At the age of eight he was taken in charge by an elder brother of his father, Howard Hastings, who held a post in the customs. After spending two years at a private, school at Newington Butts, he was moved to Westminster, where among his contemporaries occur the names of Lord Thurlow and Lord Shelburne, Sir Elijah Impey, and the poets Cowper and Churchill.
The chief-justice was Sir Elijah Impey, already mentioned as a schoolfellow of Hastings at Westminster.
A new judicial office was created in the name of the Company, to which Sir Elijah Impey was appointed, though he never consented to draw the additional salary offered to him.
Not only is the whole atmosphere Christian in colouring, but we actually find the Greek gods in the guise of Enoch, Elijah, &c., while Philip is a Christian martyr, and Alexander himself a great apostle, even a saint; quotations from the Bible are frequent.
4) gives another view of events in which both Elijah and Elisha were concerned, and the change is more vividly realized when it is found that even to Moses and Aaron, the traditional founders of Israelite religion and ritual, is ascribed an offence whereby they incurred Yahweh's wrath (Num.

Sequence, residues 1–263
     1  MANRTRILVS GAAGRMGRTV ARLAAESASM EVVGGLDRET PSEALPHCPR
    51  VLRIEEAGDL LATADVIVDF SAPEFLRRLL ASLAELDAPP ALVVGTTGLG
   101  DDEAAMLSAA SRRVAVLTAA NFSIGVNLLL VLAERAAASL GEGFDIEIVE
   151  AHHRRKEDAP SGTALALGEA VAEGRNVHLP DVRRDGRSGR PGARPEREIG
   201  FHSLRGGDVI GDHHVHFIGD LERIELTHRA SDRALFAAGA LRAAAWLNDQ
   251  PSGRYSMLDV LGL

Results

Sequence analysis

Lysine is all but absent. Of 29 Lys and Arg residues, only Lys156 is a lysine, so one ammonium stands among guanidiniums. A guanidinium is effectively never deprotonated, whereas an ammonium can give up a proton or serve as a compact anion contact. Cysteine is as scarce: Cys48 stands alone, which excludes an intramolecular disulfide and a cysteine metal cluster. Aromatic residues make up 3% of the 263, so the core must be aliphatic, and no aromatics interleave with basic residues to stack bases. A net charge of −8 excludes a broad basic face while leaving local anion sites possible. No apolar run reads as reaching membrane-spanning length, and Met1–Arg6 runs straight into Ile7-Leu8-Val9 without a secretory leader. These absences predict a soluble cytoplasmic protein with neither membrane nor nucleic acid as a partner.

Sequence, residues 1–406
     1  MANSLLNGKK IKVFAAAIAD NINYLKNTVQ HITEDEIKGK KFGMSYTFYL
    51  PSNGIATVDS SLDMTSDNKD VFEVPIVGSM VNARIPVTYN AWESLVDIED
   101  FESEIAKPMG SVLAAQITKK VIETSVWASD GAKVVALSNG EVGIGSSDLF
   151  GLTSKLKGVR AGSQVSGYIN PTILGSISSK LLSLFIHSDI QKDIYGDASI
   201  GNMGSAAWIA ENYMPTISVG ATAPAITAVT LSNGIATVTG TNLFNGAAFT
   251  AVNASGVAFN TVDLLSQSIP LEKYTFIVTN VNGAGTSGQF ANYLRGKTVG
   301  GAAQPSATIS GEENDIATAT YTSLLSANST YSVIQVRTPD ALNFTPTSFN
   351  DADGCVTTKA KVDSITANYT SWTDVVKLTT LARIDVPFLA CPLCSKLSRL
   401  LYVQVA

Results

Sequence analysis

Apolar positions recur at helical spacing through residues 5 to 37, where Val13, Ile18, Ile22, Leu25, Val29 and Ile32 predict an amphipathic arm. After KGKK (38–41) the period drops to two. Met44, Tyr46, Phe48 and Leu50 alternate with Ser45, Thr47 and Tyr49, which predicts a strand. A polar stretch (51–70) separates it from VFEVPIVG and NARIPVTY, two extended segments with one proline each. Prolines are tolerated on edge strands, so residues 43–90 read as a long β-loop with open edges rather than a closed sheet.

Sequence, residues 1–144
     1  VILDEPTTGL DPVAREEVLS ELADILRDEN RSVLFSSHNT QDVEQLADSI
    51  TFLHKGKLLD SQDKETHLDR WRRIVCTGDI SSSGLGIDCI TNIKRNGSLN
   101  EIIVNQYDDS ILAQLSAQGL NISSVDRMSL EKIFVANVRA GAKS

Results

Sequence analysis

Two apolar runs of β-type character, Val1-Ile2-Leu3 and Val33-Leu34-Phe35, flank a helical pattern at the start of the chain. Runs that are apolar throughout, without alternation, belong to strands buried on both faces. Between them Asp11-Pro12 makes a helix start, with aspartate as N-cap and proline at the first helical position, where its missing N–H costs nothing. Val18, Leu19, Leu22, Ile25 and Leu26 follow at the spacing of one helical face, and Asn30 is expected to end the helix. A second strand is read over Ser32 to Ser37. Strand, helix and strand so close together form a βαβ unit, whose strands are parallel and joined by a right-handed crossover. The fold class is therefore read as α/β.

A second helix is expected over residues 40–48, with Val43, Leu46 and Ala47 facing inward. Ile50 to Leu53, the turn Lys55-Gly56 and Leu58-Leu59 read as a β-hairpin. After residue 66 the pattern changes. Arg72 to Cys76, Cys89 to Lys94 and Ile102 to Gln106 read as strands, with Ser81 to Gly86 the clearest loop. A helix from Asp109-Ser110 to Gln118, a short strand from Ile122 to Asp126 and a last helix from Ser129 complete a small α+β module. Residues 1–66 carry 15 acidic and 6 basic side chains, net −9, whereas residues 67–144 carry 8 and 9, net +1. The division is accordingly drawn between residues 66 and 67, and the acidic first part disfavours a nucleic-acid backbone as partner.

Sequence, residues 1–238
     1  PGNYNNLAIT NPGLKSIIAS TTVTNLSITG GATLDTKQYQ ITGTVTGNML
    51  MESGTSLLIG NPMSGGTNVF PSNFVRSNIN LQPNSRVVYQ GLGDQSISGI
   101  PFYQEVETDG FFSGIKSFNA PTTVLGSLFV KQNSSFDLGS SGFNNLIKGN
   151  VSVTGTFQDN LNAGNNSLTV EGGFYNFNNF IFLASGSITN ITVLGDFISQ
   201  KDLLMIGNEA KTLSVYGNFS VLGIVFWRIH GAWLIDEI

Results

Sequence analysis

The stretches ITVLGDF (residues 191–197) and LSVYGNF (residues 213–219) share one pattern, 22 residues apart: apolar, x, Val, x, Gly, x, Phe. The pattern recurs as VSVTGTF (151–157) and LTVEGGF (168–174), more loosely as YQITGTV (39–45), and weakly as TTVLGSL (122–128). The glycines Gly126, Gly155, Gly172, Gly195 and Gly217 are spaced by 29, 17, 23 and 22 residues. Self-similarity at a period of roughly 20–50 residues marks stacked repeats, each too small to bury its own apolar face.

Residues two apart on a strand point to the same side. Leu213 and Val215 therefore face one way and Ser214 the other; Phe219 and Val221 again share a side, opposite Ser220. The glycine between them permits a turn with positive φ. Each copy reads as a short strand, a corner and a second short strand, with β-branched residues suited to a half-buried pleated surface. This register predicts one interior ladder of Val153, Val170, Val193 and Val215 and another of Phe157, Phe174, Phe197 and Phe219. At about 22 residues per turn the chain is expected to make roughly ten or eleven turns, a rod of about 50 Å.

Elijah, who had been his godfather in his babyhood, now paid him frequent visits, initiating him into sublime truths.
Other writers are Aaron (the elder) ben Joseph, 13th century, who wrote the commentary Sepher ha-mibhhar; Aaron (the younger) of Nicomedia (14th century), author of `E Ilayyim, on philosophy, Gan `Eden, on law, and the commentary Kether Torah; in the 15th century Elijah Bashyazi, on law (Addereth Eliyahu), and Caleb Efendipoulo, poet and theologian; in the 16th century Moses Bashyazi, theologian.
Of this tradition the Naboth incident in the time of Ahab furnishes a clear example which brings to light the contrast between the Tyrian Baal-cult, which was scarcely ethical, and of which Jezebel and Ahab were devotees, and the moral requirements of the religion of Yahweh of which Elijah was the prophet and impassioned exponent.